Sunday, July 10, 2016

App Fatigue

It’s hard to believe 2016 and everyone is still obsessed with building native apps for Android and iOS. App fatigue is real: Apps take a long time to find, install, and keep updated: It took almost 2 minutes to download the current version of the Uber app onto my phone. 65.5% of smartphone users download 0 apps per month, and the vast majority of smartphone users use less than 20 apps in the same period. For you, it will cost between $90k-$140k to develop a V1 - and if it doesn’t take off, all that expense will be wasted.

Consider building for mobile web instead: You only have to build once instead of building two apps for iOS and Android. Your content will be findable through search engines, and linkable from Facebook and Twitter. There’s no time spent downloading an app, users skip right to the content. And on Android, which has 80% market share, you can benefit from the features of Progressive Web Apps, which will grant your mobile web site many of the same privileges normally enjoyed by full-blown apps: an icon on the home screen, offline capability, push notifications, and fast UIs.

The one exception to my recommendation is gaming: It’s hard to imagine that high-end mobile games (think Monument Valley) can be implemented as web apps. But for app categories such as social networking, finance, education, entertainment, productivity, utility, or travel, building your V1 as a mobile app seems wrong.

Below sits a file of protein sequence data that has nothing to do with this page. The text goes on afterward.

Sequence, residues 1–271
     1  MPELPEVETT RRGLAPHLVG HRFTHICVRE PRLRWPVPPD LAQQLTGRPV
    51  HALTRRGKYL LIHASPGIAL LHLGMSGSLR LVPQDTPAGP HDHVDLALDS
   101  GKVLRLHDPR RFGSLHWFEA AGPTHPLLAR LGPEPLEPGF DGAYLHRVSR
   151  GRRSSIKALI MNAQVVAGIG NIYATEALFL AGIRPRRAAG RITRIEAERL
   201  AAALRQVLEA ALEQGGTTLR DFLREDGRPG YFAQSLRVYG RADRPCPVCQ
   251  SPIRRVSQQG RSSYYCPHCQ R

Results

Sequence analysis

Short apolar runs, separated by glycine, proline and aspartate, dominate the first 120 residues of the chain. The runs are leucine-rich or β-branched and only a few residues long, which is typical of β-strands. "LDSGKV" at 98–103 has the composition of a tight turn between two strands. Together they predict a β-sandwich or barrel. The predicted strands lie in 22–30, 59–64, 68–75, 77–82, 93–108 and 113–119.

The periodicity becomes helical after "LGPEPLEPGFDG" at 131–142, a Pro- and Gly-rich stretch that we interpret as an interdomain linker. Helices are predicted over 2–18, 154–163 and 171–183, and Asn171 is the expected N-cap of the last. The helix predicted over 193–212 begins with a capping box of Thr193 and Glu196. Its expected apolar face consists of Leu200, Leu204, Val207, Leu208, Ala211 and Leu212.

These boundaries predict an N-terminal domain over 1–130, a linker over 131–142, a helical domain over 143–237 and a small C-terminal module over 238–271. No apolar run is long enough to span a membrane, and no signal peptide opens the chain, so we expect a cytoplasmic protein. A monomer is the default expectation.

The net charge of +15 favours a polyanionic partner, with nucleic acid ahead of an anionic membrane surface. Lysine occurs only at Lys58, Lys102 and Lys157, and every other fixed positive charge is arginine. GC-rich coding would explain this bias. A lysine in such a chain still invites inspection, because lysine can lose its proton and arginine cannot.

Realistically, if you’re in these categories, users will will find and read your content through a search engine or a social network. By developing for mobile web, you’ll make their experience seamless, and they’ll be more likely to return.

Tuesday, June 14, 2016

Area 120

Tuesday, August 04, 2015

Can I Take a Vacation right after my Company gets Acquired?

You probably can't. If you can, you shouldn't.

I get it: You're coming to the end of the due diligence cycle, all the terms are settled, and now you're wondering if you can get the acquiring company to give you a vacation before you start.